This portrait of Richard P. White is by Silas Ulh. One of his paintings (not this one) can be found on one of the museum's walls.
The Women’s Temperance Crusade, the first large scale organization of its type founded and run by women, formed shortly before Christmas 1873 and was launched mainly in small towns in southwestern Ohio and western New York. It soon expanded into at least to 911 communities across the nation’s states, territories, and Washington, D.C. Most of its members were concentrated in the Midwest. It succeeded in shutting down many saloons, prompting owners pushed back against the call to close down with arguments that sound familiar today. If you stop selling alcohol, jobs will be lost and tax revenues drop. Forcing saloon owners to shut their businesses down also infringed on their “personal liberty.” The National Brewers Association proposed that society should punish those who got drunk and caused problems, and not blame those who sold them the product. Some saw the Crusaders as dangerous to American society itself because women asserting political power challenged the male monopoly. This is one reason why women’s suffrage and temperance often went hand in hand.
The Millersburg-based Crusaders asked the saloon keepers to shut their establishments because of the damage it did to society. When that failed to work, they marched down Jackson Street and dropped to their knees in front of each saloon to pray, then sang a religious song. Although threatened with arrest as disturbers of the peace and, in one case, with a bucket of scalding water, they persisted. One saloonkeeper gave in, shut down, then dumped his liquor onto the street. The movement lasted for about two months until people lost interest upon the arrival the village’s annual Spring housecleaning. Although the Crusaders collapsed in 1875, from their organization arose the far more powerful and effective Women’s Christian Temperance Movement.
As I headed up the stairs to the Victorian House’s second floor, I saw four full color nineteenth century advertisements for the Sommers Piano Company. What caught my attention was that they were chromolithographs, a type of printing I’ve heard of but knew little about despite the fact I work in the printing industry. Chromolithographs are a more sophisticated type of lithography. Lithography was invented in the eighteenth century by Bavarian playwright Alois Senefelder. He wrote his scripts in reverse on limestone with greasy crayons that he covered with ink so he could readily produce copies. Involving the use of chemicals and water, at its simplest lithography is nothing more than an artist drawing on a stone surface in reverse with a greasy material.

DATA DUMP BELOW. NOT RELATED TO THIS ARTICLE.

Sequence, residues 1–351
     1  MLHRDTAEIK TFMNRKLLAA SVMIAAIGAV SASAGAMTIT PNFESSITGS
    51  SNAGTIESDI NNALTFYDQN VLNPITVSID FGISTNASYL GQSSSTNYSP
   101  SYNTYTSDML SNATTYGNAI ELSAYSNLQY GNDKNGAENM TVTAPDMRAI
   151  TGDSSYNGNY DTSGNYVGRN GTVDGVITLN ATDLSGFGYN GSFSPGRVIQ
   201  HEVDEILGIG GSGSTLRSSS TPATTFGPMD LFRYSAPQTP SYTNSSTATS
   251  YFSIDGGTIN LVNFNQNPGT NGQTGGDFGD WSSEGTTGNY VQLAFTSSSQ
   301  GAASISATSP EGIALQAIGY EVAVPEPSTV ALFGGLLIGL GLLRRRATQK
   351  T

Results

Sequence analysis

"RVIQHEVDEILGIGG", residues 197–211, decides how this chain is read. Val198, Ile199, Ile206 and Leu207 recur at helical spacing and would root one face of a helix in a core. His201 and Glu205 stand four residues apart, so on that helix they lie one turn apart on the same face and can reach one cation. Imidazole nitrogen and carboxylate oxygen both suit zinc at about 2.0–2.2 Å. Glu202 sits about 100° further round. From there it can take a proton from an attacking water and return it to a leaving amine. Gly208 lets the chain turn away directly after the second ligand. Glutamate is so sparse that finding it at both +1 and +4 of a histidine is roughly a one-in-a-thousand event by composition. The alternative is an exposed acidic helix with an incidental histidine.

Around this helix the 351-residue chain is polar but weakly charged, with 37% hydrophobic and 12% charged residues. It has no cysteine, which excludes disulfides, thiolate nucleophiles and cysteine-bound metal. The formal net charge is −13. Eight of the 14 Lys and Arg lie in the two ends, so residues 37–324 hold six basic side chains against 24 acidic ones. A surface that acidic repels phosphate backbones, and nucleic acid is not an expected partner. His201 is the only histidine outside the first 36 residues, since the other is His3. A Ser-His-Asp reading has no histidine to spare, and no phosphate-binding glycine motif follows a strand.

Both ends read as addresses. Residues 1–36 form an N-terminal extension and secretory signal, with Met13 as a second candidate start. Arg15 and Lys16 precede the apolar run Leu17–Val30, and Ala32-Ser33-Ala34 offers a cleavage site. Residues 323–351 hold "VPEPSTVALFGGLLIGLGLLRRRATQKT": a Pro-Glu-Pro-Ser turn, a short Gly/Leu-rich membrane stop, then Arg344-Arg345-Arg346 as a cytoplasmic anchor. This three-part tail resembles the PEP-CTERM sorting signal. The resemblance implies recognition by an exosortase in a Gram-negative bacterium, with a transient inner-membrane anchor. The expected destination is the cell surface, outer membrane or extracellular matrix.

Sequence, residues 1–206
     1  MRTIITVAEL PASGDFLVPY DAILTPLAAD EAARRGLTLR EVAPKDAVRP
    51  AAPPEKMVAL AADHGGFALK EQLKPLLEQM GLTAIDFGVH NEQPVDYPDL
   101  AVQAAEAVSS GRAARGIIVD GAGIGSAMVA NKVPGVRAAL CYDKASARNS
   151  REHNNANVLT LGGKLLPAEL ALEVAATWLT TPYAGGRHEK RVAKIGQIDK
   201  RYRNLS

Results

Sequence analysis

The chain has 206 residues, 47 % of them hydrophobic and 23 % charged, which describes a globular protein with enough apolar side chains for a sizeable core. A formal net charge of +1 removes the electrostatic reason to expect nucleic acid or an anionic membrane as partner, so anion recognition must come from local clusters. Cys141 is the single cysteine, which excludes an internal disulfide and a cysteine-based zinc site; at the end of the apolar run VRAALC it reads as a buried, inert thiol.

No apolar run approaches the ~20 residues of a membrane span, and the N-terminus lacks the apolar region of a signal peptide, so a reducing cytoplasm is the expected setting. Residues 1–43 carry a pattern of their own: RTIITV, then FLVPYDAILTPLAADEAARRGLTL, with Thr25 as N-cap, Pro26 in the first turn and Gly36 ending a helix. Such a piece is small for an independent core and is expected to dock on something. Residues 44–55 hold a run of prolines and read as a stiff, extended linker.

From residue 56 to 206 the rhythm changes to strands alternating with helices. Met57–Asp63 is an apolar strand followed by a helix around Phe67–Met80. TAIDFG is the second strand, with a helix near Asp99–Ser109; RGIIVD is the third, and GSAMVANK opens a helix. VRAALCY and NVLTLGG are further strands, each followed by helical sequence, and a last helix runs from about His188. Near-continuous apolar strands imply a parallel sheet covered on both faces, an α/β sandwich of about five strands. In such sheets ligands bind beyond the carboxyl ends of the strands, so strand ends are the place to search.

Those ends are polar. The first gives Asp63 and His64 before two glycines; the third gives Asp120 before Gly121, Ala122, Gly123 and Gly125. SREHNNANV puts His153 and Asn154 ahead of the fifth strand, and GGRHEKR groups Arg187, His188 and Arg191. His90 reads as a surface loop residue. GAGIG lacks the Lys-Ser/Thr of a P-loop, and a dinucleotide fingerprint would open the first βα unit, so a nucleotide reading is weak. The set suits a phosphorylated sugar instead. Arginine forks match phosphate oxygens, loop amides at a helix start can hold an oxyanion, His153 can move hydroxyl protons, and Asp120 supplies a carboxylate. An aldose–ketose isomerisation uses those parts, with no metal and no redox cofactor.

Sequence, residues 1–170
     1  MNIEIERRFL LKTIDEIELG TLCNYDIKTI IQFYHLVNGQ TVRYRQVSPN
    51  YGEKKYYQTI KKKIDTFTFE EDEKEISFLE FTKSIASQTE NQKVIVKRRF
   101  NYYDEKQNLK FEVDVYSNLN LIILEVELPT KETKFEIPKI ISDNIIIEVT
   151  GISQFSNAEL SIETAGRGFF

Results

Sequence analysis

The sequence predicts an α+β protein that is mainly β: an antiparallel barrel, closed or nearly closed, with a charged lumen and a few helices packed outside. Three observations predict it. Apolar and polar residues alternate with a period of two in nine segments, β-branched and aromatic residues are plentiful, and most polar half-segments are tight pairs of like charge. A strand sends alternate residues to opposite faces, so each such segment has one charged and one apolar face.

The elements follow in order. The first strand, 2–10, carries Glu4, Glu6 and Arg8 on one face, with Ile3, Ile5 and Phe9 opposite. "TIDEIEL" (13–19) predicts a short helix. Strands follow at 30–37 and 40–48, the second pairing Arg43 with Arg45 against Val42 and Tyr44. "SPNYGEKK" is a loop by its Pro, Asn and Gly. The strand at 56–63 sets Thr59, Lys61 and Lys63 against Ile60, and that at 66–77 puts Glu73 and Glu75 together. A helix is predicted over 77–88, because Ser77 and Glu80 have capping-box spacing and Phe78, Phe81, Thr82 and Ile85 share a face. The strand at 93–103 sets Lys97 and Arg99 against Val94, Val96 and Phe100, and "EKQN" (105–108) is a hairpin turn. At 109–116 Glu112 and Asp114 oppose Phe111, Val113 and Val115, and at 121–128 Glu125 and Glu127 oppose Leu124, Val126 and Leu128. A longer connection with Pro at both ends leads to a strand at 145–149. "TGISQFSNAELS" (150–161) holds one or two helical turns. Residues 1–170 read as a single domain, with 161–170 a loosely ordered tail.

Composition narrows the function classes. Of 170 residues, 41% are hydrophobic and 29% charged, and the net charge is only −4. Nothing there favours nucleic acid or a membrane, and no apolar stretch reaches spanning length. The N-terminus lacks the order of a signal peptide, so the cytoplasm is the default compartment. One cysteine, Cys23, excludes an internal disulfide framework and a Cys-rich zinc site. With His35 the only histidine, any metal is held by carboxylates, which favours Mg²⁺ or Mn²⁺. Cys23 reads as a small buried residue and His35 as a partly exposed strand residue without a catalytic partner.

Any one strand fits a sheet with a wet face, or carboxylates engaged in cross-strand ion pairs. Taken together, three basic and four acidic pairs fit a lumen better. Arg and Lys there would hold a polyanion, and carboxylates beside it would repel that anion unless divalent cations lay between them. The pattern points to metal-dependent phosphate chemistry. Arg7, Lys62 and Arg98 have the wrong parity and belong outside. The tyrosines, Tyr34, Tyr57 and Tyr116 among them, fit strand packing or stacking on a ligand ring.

Chromolithography, which became popular after the Civil War, uses multiple stones to create a single image. Each color has its own stone. If, for example, you have an image with fifteen colors, fifteen stones would will be used to produce it. It took up to twenty stones to produce the aforementioned ads hanging on the walls of the staircase. Chromolithographs often reproduced works of art so the average American could possess a quality reproduction of a painting at an affordable price. Books with inserted color pages printed in the nineteenth and early twentieth centuries were often chromolithographs.
Also hanging on a wall in the museum is an excellent painting of three-year-old Carlotta Van Evera done by Ohio artist Silas Uhl. The accompanying information sign read in part that fifty-one “of his paintings are on the inventory of American paintings at the Smithsonian Institute.” This is a bit is misleading because it implies the Smithsonian possesses all those works. Curious as to which of Uhl’s works it possessed, I contacted it and asked. According to Alexandra Reigle, a reference librarian at the Smithsonian American Art Museum/National Portrait Gallery Library, Uhl’s paintings appear on the Smithsonian American Art Museum’s “Inventories of American Painting and Sculpture” and the National Portrait Gallery’s “Catalogue of American Portraits,” but the Smithsonian only owns two of his paintings, one of which is a portrait of Lewis Augustus Groff that hangs in the National Portrait Gallery.
That a Uhl painting hangs in a Millersburg museum is not surprising. He was born near this village on June 20, 1841, and grew up in Holmes County. When the Civil War broke out, he joined the Union Army. He spent most of the war in West Virginia. Upon its conclusion, he went to Cleveland to study medicine while simultaneously taking art lessons from Alfred A. Hart. In 1868 Uhl chose art over medicine and opened a studio in Springfield as a portrait artist. He also taught painting and drawing. In 1873 he married Martha Phillips and eight years later the couple, accompanied by their four-year-old son Jerome Phillips, boarded the steamer City of Charleston bound for Europe.
In Paris he studied under several Parisian artists who no one but art historians have ever heard of, and in 1885 was accepted to the prestigious art exhibit known as the Salon. Upon his return to Springfield, he announced his intention to relocate to New York City where better commissions that paid his worth could be had. During his career he painted the portraits of Presidents Ulysses S. Grant, James A. Garfield, Grover Cleveland, and Benjamin Harrison. Although a superb artist, after his death on April 12, 1916, art historians have mostly ignored him. I speculate this is because his realistic paintings, good as they are, are unremarkable when compared to the innovative works of contemporaries such as Claude Monet, Gustav Klimt, and Vincent van Gogh.